Yesterday (Wednesday 16th September) the Scottish Parliament debated ‘Scotland’s Future: Democracy and Devolution’.
One year on from the independence referendum, and with the Scotland Bill due to go to report stage in the next few weeks, this debate offered parliamentarians the chance to reflect on the debate in the run up to September 18th 2014, and to consider progress on promised further powers since then.
Which is lovely for them, but rather neglects a significant element of what made the independence debate so successful, invigorating and participatory: the Scottish people.
Alison Johnstone, the Scottish Green Party MSP for Lothian said:
“In its briefing for today’s debate, the Electoral Reform Society Scotland asks:
“One year on, have we honoured the legacy of this ‘energised and enthused’ nation?”
The ERS, I suggest, thinks not, and I am inclined to agree with it. The ERS and witness after witness at the Devolution (Further Powers) Committee commented on the haste with which this part of the devolution process has progressed.”
Alison is right in her assumption. During the lead up to the referendum and afterwards we argued that the debate about further powers should be a citizen led conversation – harnessing the enthusiasm from the referendum and asking Scotland’s people where they thought power should lie.
Instead of this inclusive participatory approach, the Scottish public have been shut out of the devolution debate. The Smith Commission process was a rushed conversation, largely between politicians – with no real indication of how the 380 submissions from civic society organisations and 14,000 from individuals were considered. And the Scotland Bill has seen more confrontational politics and few opportunities for detailed debate or votes on any amendments. None of this respects the involvement of the people of Scotland in the devolution debate.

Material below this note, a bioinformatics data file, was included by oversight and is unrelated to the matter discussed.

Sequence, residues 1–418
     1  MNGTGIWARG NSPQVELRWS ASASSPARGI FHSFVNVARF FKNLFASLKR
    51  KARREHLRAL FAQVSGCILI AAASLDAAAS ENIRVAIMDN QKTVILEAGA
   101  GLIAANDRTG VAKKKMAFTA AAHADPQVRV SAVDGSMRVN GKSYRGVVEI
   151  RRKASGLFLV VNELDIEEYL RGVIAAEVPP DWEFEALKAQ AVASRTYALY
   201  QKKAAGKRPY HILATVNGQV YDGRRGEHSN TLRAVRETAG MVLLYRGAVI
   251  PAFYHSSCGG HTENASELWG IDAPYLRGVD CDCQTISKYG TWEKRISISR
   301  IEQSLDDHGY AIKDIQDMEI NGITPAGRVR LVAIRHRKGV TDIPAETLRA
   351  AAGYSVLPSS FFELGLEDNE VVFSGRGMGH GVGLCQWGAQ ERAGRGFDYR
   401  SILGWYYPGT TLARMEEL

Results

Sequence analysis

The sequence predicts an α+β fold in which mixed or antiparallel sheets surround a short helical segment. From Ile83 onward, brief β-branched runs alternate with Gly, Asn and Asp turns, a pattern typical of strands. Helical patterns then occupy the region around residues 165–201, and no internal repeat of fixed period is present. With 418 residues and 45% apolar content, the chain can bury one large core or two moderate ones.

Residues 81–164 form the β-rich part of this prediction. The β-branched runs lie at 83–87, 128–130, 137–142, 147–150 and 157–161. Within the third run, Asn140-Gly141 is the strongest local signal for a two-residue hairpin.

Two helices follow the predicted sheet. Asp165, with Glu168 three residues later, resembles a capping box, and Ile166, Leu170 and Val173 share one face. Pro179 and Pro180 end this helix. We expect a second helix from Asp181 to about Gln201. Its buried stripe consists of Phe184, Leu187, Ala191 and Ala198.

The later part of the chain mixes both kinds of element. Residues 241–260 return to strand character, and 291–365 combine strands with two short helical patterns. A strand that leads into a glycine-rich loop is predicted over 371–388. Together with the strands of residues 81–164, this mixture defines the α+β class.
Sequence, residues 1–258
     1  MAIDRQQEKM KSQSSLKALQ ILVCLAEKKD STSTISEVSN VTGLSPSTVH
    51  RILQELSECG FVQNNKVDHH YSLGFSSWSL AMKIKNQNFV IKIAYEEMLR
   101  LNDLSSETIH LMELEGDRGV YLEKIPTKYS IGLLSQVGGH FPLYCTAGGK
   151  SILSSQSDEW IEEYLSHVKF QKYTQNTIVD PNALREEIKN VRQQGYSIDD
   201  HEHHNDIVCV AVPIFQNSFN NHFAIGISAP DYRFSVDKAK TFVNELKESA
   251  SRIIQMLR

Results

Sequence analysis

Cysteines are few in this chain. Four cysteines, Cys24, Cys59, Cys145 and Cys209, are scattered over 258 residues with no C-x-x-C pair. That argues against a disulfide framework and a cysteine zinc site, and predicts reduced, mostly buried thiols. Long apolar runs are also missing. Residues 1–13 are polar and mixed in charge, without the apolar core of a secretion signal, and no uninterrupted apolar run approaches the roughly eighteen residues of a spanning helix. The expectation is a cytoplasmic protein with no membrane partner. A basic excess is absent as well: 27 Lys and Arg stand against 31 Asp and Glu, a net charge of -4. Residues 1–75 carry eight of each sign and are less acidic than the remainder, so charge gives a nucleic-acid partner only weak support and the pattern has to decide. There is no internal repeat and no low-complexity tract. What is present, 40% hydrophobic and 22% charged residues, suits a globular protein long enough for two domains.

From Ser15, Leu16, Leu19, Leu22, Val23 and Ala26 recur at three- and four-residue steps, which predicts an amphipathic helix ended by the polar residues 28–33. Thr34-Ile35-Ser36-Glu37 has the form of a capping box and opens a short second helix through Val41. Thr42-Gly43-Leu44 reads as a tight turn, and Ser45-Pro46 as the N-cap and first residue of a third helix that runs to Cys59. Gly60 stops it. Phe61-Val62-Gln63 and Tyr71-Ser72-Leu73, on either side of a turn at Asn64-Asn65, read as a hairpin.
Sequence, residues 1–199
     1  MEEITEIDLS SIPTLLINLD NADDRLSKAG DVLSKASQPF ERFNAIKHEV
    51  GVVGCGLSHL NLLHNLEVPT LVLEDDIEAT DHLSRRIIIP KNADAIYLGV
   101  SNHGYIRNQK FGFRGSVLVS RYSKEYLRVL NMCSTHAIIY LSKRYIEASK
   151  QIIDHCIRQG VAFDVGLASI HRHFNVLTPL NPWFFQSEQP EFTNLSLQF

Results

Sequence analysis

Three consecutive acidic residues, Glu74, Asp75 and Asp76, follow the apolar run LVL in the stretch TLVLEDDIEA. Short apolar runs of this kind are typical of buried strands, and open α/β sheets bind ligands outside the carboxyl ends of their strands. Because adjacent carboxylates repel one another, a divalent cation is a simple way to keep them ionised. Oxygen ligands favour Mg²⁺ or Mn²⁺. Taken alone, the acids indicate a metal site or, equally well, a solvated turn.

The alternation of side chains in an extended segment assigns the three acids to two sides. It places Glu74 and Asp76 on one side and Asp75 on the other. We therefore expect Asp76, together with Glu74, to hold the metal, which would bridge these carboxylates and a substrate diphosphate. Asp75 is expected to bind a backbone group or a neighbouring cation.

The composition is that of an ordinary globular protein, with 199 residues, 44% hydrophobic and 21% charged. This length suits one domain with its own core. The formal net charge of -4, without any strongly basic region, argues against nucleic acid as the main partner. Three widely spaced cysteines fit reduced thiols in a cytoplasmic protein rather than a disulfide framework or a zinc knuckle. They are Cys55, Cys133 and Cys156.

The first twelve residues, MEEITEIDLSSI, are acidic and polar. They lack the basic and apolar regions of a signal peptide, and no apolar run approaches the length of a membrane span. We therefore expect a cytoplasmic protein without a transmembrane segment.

ERS Scotland asked pollsters YouGov to find out if people were still interested in talking about devolution. Their polling shows that despite deals being done behind closed doors and the technical detail of the discussion, 50% of the people we asked said they had talked to someone about the Scotland Bill and more powers for the Scottish Parliament.
Whilst this shows a sharp decrease from the over 90% of people who indicated they had conversations about the independence referendum in the run up to the vote one year ago, it suggests that although they haven’t been invited to the table, Scots are keen to talk about devolution.
We owe our re-engaged citizens a voice in the discussion. The record levels of participation in the referendum debate were praised by all parties, and yet now, Scotland’s citizens are not being included in deciding anything about more powers. The referendum debate taught us how to do politics differently but we aren’t using that learning.
And these aren’t the only constitutional issues that need to be addressed. Our democratic institutions are creaking under the pressure of failed attempts at reform: from the bloated, ermine-coated House of Lords to May’s most disproportionate result in British election history, and the question of where power should lie – what powers should be devolved to which level – across the UK, ERS Scotland thinks it’s time we gave citizens the chance to debate these issues.
ERS Scotland recently published ‘We, the People’ presenting four case studies of citizen led constitutional decision making and the lessons we can learn from British Columbia, Ontario, Iceland and Ireland. And ERS is itself launching our own Citizens Assemblies in Sheffield and Southampton because we think it’s vital that citizens have a real say in where they think power should lie.
There are numerous international examples of citizen led constitutional decision making. Scotland, and the UK, could be part of this exciting trend.